Corne followed Day to Braintree and went on to play under future Stones boss Hakan Hayrettin.

But he decided to leave National League football to focus on his coaching career.

There were spells with lower-league clubs Greenwich and Ashford before Hayrettin, by now head coach under John Still at Maidstone, brought him back up the levels.

“Coaching has always been a big thing for me,” said Corne, who holds his UEFA B Licence.

“I didn’t have the best of seasons at Braintree and I thought maybe I could get more game time lower down the pyramid and also concentrate on the other side of my career.

“Once I got my badges, and was in a secure environment in terms of my coaching, then going full-time with Maidstone went hand in hand. That’s how it’s been ever since.”

Last season Maidstone were knocked out of the FA Cup in the final qualifying round by Southern League Needham Market.

They were so bad that day, then-boss Hayrettin offered his wages to supporters.

A year on and the club have made history under George Elokobi with their extraordinary run to the fifth round.

“It’s a massive contrast in two seasons but if you were to put a finger on the two squads I couldn’t tell you why,” said Corne.

“Both squads had great calibre of players and last year we had more experienced players. It wasn’t a great situation.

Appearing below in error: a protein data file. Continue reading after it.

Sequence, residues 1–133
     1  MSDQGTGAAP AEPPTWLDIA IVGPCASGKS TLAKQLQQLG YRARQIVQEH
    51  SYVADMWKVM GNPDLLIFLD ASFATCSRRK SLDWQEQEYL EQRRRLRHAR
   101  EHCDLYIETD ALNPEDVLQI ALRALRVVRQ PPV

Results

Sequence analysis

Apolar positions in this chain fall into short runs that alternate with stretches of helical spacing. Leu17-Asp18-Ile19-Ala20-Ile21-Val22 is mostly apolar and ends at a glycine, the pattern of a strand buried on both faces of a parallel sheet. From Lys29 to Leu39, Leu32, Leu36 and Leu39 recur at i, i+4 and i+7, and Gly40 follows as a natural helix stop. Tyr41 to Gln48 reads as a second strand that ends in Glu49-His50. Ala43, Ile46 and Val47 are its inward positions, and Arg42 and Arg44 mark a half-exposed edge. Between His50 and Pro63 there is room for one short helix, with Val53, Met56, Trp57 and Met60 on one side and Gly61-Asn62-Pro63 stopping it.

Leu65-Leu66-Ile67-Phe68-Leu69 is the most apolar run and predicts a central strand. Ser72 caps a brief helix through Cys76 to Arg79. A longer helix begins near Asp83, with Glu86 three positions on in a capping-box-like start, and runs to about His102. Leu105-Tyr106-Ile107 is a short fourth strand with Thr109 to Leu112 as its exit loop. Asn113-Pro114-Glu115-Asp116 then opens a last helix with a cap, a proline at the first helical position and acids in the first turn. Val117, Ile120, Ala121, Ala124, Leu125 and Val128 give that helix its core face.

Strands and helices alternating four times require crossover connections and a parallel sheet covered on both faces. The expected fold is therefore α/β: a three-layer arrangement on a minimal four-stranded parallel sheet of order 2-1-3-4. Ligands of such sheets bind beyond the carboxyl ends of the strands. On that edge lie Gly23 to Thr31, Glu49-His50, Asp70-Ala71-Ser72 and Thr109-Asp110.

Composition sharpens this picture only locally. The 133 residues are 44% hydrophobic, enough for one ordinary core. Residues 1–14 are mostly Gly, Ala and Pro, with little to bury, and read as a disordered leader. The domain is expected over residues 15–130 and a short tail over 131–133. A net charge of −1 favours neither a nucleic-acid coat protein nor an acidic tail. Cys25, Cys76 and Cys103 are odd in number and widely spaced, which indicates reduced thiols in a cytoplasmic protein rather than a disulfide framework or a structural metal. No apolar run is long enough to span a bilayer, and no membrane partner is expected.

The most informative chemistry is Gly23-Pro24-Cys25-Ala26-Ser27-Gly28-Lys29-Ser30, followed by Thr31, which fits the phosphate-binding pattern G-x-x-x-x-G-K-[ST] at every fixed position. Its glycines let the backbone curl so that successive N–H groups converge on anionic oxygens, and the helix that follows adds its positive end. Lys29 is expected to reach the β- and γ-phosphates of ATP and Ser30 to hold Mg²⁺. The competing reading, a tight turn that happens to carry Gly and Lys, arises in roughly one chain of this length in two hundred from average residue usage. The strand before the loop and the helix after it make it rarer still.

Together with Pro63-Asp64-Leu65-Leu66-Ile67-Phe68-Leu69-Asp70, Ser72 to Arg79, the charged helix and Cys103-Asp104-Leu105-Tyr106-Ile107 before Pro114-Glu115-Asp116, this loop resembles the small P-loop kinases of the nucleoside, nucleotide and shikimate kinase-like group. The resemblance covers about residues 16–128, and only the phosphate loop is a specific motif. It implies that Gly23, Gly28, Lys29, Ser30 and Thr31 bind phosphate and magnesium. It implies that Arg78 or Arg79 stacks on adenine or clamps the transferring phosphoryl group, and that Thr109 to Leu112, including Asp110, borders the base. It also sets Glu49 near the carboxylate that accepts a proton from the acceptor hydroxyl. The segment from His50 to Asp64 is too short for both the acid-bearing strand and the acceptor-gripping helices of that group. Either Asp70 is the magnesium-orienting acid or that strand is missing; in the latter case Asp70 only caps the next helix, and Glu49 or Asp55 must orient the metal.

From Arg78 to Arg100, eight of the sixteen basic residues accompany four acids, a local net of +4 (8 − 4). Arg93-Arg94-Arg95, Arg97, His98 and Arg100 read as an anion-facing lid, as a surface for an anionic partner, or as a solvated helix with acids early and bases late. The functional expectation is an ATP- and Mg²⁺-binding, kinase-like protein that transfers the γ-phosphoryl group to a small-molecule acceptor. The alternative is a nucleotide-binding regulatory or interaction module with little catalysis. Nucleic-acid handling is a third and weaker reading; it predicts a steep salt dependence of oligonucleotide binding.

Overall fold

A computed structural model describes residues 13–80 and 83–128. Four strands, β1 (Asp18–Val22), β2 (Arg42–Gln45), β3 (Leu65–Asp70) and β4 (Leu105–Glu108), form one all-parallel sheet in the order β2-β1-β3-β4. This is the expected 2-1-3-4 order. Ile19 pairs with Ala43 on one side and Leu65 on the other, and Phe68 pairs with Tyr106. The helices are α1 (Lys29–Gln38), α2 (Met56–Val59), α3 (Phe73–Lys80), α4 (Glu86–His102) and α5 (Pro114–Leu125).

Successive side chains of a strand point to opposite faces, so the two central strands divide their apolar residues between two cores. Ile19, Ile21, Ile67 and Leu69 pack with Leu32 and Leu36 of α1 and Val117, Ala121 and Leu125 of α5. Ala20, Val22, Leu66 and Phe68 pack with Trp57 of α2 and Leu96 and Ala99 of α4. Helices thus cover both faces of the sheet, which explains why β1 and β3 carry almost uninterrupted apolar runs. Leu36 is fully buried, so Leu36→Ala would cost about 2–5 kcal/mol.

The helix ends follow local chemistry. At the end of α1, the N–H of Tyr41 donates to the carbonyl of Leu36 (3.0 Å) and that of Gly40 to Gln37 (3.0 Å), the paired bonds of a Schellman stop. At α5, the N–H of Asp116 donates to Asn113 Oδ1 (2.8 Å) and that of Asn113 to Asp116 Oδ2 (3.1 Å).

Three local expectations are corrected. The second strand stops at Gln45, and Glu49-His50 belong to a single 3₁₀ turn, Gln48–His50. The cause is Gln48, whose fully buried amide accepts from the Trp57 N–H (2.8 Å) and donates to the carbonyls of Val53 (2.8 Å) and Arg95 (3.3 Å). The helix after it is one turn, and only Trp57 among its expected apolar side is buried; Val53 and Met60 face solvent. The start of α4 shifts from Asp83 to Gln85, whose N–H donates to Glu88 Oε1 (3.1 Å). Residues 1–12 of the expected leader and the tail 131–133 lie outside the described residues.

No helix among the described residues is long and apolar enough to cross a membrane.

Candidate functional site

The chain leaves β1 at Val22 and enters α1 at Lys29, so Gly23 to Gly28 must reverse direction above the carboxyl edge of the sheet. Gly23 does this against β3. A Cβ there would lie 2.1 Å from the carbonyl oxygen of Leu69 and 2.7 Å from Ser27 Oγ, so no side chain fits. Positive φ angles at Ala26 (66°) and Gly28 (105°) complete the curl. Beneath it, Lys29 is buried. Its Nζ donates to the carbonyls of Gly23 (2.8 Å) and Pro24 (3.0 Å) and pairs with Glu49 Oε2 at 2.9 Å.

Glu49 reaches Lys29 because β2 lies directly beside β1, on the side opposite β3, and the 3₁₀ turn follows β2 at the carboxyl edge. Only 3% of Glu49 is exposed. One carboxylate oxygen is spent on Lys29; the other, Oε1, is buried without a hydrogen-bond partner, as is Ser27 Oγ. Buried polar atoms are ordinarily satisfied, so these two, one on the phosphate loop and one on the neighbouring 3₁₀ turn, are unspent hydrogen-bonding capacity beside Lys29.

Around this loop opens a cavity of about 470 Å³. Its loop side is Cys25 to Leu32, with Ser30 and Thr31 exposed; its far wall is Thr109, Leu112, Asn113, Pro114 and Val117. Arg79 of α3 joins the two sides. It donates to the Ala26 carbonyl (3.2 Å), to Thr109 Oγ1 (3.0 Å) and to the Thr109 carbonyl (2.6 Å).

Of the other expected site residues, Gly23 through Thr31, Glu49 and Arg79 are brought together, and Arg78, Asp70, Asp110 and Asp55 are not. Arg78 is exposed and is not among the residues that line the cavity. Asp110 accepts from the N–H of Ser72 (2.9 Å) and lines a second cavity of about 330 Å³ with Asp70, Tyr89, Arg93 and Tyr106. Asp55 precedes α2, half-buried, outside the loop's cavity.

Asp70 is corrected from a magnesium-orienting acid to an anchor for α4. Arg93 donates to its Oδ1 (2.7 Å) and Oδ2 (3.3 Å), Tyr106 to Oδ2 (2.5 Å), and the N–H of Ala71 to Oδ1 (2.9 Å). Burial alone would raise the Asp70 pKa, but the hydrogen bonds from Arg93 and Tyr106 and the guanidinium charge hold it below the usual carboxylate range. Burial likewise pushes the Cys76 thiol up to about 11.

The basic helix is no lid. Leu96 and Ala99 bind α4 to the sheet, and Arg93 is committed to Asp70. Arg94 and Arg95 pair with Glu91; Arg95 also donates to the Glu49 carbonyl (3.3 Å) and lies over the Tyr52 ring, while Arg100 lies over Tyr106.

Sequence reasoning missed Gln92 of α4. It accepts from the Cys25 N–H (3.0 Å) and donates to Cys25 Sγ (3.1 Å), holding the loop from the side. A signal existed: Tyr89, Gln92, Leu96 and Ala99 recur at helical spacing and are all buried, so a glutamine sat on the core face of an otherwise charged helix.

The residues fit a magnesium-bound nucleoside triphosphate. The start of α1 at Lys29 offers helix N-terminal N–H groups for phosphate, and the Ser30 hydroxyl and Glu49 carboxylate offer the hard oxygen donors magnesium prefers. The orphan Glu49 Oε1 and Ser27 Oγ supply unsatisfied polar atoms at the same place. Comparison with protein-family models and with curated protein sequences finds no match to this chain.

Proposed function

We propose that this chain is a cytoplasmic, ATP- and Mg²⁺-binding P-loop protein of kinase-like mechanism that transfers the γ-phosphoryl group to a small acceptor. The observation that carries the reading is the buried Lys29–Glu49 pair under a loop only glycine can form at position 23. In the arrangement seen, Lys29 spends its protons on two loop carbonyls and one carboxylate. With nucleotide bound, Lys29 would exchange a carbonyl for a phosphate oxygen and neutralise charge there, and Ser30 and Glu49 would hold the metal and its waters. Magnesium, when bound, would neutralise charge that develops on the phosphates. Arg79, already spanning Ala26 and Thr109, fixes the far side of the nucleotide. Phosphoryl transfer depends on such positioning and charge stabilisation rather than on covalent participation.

“After the game we all got a massive volley because the FA Cup, as we’ve seen this year, it’s a massive competition and it’s provided massive exposure not just for ourselves but for the community. It’s huge.

“Now we’re the only non-league side in the competition, everyone’s supporting us. It’s crazy to think.”

Sam Corne celebrates putting Maidstone 2-1 up in the FA Cup fourth round. Picture: Helen Cooper
Sam Corne celebrates putting Maidstone 2-1 up in the FA Cup fourth round. Picture: Helen Cooper

Maidstone travel to Coventry on Monday night having already upset one Championship side in Ipswich.

Lamar Reynolds and Corne scored with the Stones’ only two shots of the game in the most unlikely of cup shocks.

Corne only needs to look back at that game for inspiration at the CBS Arena as Maidstone dream of a quarter-final spot.

“It’s by far the best moment of my career and it’s that bit of motivation when you need a little push going into a game,” said Corne.

“Just watch a small 30-second clip, not even my goal, even Lamar’s goal, what a moment for everyone.

“If that doesn’t get the hairs on the back of your neck standing, then I don’t know what will.

“When you go through on goal like that, it feels like a blur.

“You go off instinct, stuff that you do in training and stuff you’ve done over your career.

“I wouldn’t say muscle memory but you hope in the moment you do the right thing.

“People are saying to me that Coventry are below Ipswich but football is a funny old game.

“We drew with Hemel the other week but we’ve beaten Ipswich in the Championship.

“We have to give the best account of ourselves and hope it’s good enough.

“We’d be naive to think we’re going to be able to dominate possession.

“But, like you’ve seen, it doesn't matter as long as you’re secure behind the ball and when that opportunity arises you take it.

“You aren’t going to get loads of opportunities on the night so it might just be that one that’s going to count.”